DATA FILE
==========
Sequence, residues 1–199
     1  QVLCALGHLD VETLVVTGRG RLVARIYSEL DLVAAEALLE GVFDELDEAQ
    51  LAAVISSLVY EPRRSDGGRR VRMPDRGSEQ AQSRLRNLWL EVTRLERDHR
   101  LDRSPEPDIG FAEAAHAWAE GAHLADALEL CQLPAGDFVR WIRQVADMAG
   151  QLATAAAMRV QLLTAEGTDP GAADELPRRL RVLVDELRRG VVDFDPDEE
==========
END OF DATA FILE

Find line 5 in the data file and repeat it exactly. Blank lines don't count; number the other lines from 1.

   151  QLATAAAMRV QLLTAEGTDP GAADELPRRL RVLVDELRRG VVDFDPDEE